Since marketing analytics continues to be the topic of the day, I decided to take a look at how organizations are recruiting analytic talent today and what they have determined to be the most important skills for their candidates to possess. My comments are based on discussions with digital marketing executives and practitioners as well as an extensive review of job postings for the role of digital analyst.
Given the urgency that exists within organizations to be able to leverage the vast amount of data at their fingertips, I am not surprised that I found that many companies may in fact be neglecting to focus on what I would consider some of the most important characteristics of a strong analyst.
Let’s start by discussing the laundry list of technical skills included in most digital analyst job descriptions. Requirements can range being an advanced SQL and SPSS skills to having years of experience with a marketing automation platform or third-party analytics tagging.
Having access to resources with a high level of technical expertise is absolutely vital for an organization. I would suggest, though, that those individuals who possess the high level of technical expertise required to program, tag or implement are not necessarily the same individuals who possess the ability to provide insights that will ultimately lead to increased customer engagement, conversions and an optimal ROI.
In fact, I have found in my own experience that it may be these softer skills that are the real hallmark of a successful analyst. And, it is those softer skills that I found were often missing from job descriptions for digital analysts. Here are six of them that I found to be particularly valuable in a solid analyst:
Stakeholders pose questions to an analyst that they think they want answered but in the end their questions are often rather tactical and not the question they really need to have answered at all. It’s up to the analyst to listen to the requestor and to gain an understanding of how the request can be tied to a strategic business goal.
Once the business goal of a project is defined, creative problem-solving skills are an absolute necessity for an analyst to possess. It is their responsibility to figure out what is required in order to tackle the project. Discovery or scoping questions might include:
- What metrics or KPIs will be used?
- Do you have the necessary data? If not, how and when will you get it?
- If the data is coming from multiple data sources, what is the effort required for integration?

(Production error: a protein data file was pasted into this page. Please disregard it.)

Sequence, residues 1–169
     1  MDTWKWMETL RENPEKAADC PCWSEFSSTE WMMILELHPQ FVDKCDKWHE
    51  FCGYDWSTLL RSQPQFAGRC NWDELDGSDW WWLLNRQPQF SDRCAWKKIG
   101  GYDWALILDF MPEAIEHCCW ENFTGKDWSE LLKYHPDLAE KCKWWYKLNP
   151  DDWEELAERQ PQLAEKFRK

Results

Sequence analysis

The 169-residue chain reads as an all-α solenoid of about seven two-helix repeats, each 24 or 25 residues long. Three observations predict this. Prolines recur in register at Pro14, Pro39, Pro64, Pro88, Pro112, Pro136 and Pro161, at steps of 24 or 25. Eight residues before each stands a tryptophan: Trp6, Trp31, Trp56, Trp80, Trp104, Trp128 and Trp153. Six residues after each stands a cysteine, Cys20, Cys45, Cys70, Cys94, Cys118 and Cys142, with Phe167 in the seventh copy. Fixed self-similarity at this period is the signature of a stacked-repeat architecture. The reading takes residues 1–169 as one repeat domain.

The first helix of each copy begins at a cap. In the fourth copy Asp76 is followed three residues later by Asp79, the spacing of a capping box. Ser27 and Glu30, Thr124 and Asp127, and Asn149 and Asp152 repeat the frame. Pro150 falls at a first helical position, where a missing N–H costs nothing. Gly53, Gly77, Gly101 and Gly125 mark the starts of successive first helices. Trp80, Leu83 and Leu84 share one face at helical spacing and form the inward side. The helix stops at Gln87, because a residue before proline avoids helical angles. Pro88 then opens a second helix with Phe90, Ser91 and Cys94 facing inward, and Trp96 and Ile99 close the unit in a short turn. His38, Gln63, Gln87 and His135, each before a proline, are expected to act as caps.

- What type of segmentation will provide the best view into the data?
The analyst needs to be passionate about research and investigation. Their ability to drill down into the data to the level where they can identify the drivers of the KPIs and define actions that will impact them is crucial to their providing value. Potentially valuable research includes having an understanding of:
- Industry trends
- Search demand changes
- Competitor growth strategies and tactics
- Emerging competitors
- Emerging markets
The customer insights manager of a global multichannel merchant recently shared with me, “CMOs are no longer looking for dashboards and scorecards – they are looking for wisdom.” I believe he summed it up perfectly. The days of dashboards and scorecards are over. An analyst needs to share numbers as an easy to read story – one that is very short and direct as opposed to a long novel. The story might follow this organizational structure:
- Here’s the question we are answering
- This is what the data says
- Here’s what it means
- Here are the actions we should take based on the findings
With access to so much data a good analyst must be able to discern what is valuable and what is not. You may be working with six different data sources, each with ten data points. They are not all necessarily valuable or relevant to the business question at hand. After looking at all of their data options an analyst should be able to determine:
- Which data points are going to add value to the story and then ignore the rest
- The extent of data normalization or cleanup required to account for data anomalies caused by events like site outages and tagging issues
- That the research and analysis methodology and data sources can be defended
While an analyst does not need to be a coder, developer, merchandiser or marketing strategist, they do need to be able to speak the language of all of these partners and others who are involved in implementing the strategies and tactics they are recommending. Here are examples of some of the more vital partnerships they should strive to build:
- IT – To assure data hygiene, accuracy of campaign tracking and changes made to the web site
- Marketing – To stay abreast of branding changes and initiatives
- Channel Strategist – To stay up to date on campaign schedules and optimization efforts
- Product Marketing – To understand product launch schedules
In truth, these are two-way partnerships. The analyst needs information from his or her partners to add the necessary context to what they are delivering, and the partners need the insights from the analyst to drive what they are doing.
In summary, my recommendation is that if you are building an analytics discipline within your organization, find an analyst with the softer skills first who can be an educator, storyteller and advocate.
Then add on to that foundation by adding the technical expertise. If you do not have the luxury of being in a position to hire a second or third analyst, engage an agency or contractor to fill the technical gap. By all means – please do not recruit one person to do it all.
Janice Smithers is a digital marketing analytic consultant/researcher.